Lovell, Greybull and other Big Horn County communities in Wyoming Senate District 19 will likely have a new senator representing them in Cheyenne next legislative session as retired school teacher RJ Kost defeated incumbent Senator Ray Peterson in Tuesday’s primary election.
Barring a write-in nomination by a Democratic challenger, Kost will be unopposed in the general election in November. There was no candidate for the Senate on the Democratic ballot.
Rep. Jamie Flitner, R-Shell, was unopposed for the Republican nomination Tuesday, receiving 1,961 votes in House District 26. She has no challenger in November, barring a write-in nomination.
Peterson won his home county of Big Horn with 1,253 votes to 873 for Kost, but Kost carried his home county, Park, by a wider margin, garnering 1,373 votes in Park County to 668 for Peterson.
In the final tally Kost received 53.9 percent of the vote – 2,246 votes – to 46.1 percent for Peterson – 1,921 votes.
In Big Horn County Peterson carried seven of the eight precincts in the senate district, but the vote was close in some precincts. For instance, Peterson
carried Greybull, but only by 36 votes: 300-264. He also narrowly carried Deaver, 25-22.
Peterson’s largest margin came in Lovell, where he won 528-283, and he also carried his hometown of Cowley 172-107, Byron 81-65, Frannie 44-19 and Emblem 28-16. Kost carried Shell 97-75.
Contacted late Tuesday evening, Peterson was disappointed but philosophical, saying, “The people have spoken and felt it was time for a change.”
He also said Kost is “a nice guy and he has integrity,” though he warned, “He’ll have a lot of catching up to do and will be a junior senator,” adding, “He’ll spend the first four or five years learning the ropes.”
What Peterson said he feels bad about is the seat losing the clout it was assuming with his seniority, noting that the Senate leadership spoke to him about being chairman of the Senate Appropriations Committee and running for Majority Floor Leader, which would later lead to being the Senate President, a position he believes has never been held by a Big Horn County senator.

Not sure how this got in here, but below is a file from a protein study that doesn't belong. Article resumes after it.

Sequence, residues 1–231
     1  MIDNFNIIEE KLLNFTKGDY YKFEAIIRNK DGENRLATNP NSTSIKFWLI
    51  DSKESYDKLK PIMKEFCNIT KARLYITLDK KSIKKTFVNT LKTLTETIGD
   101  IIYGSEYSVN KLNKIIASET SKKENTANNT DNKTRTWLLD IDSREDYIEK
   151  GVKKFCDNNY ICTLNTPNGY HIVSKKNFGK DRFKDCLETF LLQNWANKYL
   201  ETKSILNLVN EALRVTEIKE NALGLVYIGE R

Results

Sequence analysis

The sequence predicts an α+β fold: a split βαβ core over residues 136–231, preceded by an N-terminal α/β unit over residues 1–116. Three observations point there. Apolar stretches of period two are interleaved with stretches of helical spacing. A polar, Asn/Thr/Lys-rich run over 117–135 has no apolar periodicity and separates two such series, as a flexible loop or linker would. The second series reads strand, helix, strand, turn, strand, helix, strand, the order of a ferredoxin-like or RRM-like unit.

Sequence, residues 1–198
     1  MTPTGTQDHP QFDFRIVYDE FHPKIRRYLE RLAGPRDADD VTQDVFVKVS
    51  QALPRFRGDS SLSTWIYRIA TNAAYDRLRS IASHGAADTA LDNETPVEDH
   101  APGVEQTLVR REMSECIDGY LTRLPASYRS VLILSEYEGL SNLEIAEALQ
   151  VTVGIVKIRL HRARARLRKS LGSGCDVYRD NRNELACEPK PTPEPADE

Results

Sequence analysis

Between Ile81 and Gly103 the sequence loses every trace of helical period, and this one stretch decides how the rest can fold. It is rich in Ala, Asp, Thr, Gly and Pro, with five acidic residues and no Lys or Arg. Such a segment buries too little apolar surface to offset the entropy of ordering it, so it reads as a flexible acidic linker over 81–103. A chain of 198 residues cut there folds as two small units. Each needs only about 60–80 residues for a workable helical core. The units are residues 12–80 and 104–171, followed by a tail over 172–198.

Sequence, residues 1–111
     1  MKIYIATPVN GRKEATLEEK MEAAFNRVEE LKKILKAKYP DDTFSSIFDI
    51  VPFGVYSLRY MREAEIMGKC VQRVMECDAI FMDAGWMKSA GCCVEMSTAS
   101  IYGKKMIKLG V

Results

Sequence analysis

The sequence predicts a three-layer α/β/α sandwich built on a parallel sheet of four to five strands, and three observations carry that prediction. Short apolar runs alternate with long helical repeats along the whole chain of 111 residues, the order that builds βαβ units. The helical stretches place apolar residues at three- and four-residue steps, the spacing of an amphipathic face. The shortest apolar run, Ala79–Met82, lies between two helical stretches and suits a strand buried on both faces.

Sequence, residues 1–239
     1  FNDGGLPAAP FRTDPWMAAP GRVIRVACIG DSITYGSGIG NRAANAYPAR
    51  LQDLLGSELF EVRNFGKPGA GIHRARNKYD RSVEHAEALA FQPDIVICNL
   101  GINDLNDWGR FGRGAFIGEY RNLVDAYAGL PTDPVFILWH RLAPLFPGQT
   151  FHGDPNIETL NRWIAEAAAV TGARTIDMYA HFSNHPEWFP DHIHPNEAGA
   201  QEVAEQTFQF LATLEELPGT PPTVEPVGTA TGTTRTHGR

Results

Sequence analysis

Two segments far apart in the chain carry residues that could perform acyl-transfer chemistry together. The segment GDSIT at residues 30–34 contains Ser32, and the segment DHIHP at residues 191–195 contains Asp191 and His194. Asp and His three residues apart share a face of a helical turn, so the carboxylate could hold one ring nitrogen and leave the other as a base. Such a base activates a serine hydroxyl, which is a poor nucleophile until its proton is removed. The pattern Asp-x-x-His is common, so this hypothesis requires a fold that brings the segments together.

“We’ve just set our seat back by about 13 years,” Peterson said, the length of time he has represented District 19. “This was a lost opportunity for Big Horn County to be put on the map.”
He said the Wyoming Education Association came after him aggressively since he was asked by the Senate leadership last session to carry the bill that reduced education funding due to revenue woes the state has been experiencing.
“If they think they’ve gotten rid of public enemy number one, they’ll realize the issue is much bigger than I am,” he said. “I couldn’t overcome the misinformation they were putting out. RJ will find out in a hurry that it (funding education) is a huge, huge problem. The deficit we’re facing is bigger than any one candidate.”
Peterson said his 27 years of public service may be coming to an end. He served six years on the Cowley Town Council, eight years on the Big Horn County Commission and 13 years in the Senate after being appointed to fill the unexpired term of Sen. Laness Northrup of Powell after Northrup died in 2005. He is completing his third full term in the Senate.
Peterson pointed out that his loss leaves Big Horn County without a senator for the first time in many years, whereas Park County has two – one each in Powell and Cody.
“There’s a big hole between Park County and Hot Springs County,” he said, noting that neither Big Horn County nor Washakie County will have a resident senator.
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By David Peck